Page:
Vijayabahu, Vijayabāhu: 2 definitions

Introduction

Introduction:

Vijayabahu means something in Buddhism, Pali, Hinduism, Sanskrit. If you want to know the exact meaning, history, etymology or English translation of this term then check out the descriptions on this page. Add your comment or reference to a book if you want to contribute to this summary article.

In Buddhism

Theravada (major branch of Buddhism)

[«previous next»] — Vijayabahu in Theravada glossary
Source: Pali Kanon: Pali Proper Names

1. Vijayabahu. King of Ceylon (Vijayabahu I., 1059-1114 A.C.). His earlier name was Kitti; his parents were Moggallana and Lokita (Cv.lvii.42f.; but see Cv.Trs.i.201, n.1), and from his thirtieth year he lived in Mulasala. Later, without the knowledge of his parents, he left home, defeated the general Loka, and became Adipada of Malaya after bringing this province under his power. At the age of sixteen he defeated Kassapa, chief of the Kesadhatus, and became ruler of Rohana as well, assuming the title of Yuvaraja and the name of Vijayabahu. At this time the Colas were in possession of the government at Pulatthipura, and they made efforts to stem the advance of Vijayabahu. They were at first successful, owing to the disunion among the Singhalese themselves, but Vijayabahu conquered the Cola armies near Palutthapabbata and marched to Pulatthipura. He was helped by forces sent by the king of Ramanna, to whom he sent an embassy with various presents. He had, however, to bide his time, and retreated to Vatagiri. From there he went, in due course, to Mahanagahula, his officers having, in the meantime, crushed all opposition in Dakkhinadesa and captured the province of Anuradhapura and the district round Mahatittha. When he felt the right moment had arrived, Vijayabahu marched once more to Pulatthipura and captured it after a siege of one and a half months. From there he advanced to Anuradhapura, spent three months in the city and returned to Pulatthipura. This was fifteen years after he became Yuvaraja. In the eighteenth year he crowned himself king, under the title of Sirisanghabodhi, making his younger brother Virabahu Yuvaraja and governor of Dakkhinadesa, and his other brother, Jayabahu, Adipada and governor of Rohana. The king had several queens, among whom was Lilavati, a Cola princess and daughter of Jagatipala; by her he had a daughter Yasodhara. Another of his queens was a Kalinga princess, Tilokasundari, by whom he had five daughters Subhadda, Sumitta, Lokanatha, Ratanavali and Rupavati and a son called Vikkamabahu. Vijayabahu gave his younger sister, Mitta, in marriage to the king of Pandu, refusing an offer of marriage made by the Cola king.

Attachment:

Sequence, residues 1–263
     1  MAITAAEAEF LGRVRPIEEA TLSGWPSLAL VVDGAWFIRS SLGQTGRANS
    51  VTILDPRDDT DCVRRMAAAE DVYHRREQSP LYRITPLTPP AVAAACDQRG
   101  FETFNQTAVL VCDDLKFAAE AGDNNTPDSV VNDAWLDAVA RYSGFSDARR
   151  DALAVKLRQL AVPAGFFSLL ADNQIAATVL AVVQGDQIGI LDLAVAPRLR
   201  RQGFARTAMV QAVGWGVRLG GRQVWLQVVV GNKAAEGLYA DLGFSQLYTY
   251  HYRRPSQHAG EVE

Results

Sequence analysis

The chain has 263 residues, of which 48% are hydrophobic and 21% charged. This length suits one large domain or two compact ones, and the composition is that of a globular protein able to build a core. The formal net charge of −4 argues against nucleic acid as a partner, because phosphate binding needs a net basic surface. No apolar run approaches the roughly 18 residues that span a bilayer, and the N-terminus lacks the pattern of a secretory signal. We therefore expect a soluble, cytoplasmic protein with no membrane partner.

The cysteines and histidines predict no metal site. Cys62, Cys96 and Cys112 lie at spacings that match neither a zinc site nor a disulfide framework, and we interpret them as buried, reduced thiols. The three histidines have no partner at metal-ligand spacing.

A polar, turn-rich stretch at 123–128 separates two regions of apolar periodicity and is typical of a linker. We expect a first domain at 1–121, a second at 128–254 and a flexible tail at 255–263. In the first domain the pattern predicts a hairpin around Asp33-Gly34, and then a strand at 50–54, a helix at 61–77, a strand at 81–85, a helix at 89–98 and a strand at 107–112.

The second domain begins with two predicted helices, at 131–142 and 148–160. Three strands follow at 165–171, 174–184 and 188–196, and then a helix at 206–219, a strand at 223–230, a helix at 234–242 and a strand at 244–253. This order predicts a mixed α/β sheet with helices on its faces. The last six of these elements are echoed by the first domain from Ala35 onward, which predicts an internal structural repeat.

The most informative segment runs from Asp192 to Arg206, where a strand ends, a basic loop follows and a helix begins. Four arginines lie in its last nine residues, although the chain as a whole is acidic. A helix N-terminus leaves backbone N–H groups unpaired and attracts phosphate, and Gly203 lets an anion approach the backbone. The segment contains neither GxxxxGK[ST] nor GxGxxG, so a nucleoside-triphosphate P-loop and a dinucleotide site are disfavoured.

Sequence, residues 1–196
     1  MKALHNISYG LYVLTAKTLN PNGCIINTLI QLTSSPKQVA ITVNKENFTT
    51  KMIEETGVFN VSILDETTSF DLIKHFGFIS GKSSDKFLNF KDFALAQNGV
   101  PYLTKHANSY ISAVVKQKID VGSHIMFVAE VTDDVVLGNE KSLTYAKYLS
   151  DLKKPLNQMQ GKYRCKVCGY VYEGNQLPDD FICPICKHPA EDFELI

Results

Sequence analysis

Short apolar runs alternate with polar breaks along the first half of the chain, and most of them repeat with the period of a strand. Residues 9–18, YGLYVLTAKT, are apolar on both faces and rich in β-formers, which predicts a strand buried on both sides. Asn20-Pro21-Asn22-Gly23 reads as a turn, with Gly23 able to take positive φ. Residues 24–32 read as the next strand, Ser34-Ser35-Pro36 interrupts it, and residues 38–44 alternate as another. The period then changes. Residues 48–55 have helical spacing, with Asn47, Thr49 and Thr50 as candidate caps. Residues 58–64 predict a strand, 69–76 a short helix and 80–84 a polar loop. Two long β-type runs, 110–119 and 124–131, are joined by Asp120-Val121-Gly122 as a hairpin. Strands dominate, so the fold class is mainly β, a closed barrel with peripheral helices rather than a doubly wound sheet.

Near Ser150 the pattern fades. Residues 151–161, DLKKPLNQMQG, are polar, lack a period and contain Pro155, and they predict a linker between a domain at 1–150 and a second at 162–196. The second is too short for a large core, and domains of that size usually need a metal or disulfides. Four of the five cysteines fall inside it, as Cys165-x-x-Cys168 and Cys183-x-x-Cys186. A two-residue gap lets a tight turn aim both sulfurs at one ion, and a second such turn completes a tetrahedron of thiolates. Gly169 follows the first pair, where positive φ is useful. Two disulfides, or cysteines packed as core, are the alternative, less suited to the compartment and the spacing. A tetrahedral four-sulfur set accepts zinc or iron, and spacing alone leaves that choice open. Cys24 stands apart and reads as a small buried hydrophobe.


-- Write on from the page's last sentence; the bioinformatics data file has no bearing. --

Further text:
When peace had been established, Vijayabahu sent messengers to Anuruddha, king of Ramanna, and fetched monks from that country to help in the reformation of the Sangha in Ceylon. He gave over the whole district of Alisara for the use of the monks and built many viharas. He translated the Dhammasangani and held an annual Dandissara offering. He also had the Tipitaka copied, and presented the copies to various monks. Because the Singhalese envoys sent to Kannata were insulted and maimed, the king prepared to send a punitive expedition to Cola, but the Velakkara troops revolted, captured Mitta and her children, and burned the kings palace.

context information

Theravāda is a major branch of Buddhism having the the Pali canon (tipitaka) as their canonical literature, which includes the vinaya-pitaka (monastic rules), the sutta-pitaka (Buddhist sermons) and the abhidhamma-pitaka (philosophy and psychology).

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Languages of India and abroad

Sanskrit dictionary

[«previous next»] — Vijayabahu in Sanskrit glossary
Source: Cologne Digital Sanskrit Dictionaries: Monier-Williams Sanskrit-English Dictionary

Vijayabāhu (विजयबाहु):—[=vijaya-bāhu] [from vi-jaya > vi-ji] m. Name of a king, [Buddhist literature]

context information

Sanskrit, also spelled संस्कृतम् (saṃskṛtam), is an ancient language of India commonly seen as the grandmother of the Indo-European language family (even English!). Closely allied with Prakrit and Pali, Sanskrit is more exhaustive in both grammar and terms and has the most extensive collection of literature in the world, greatly surpassing its sister-languages Greek and Latin.

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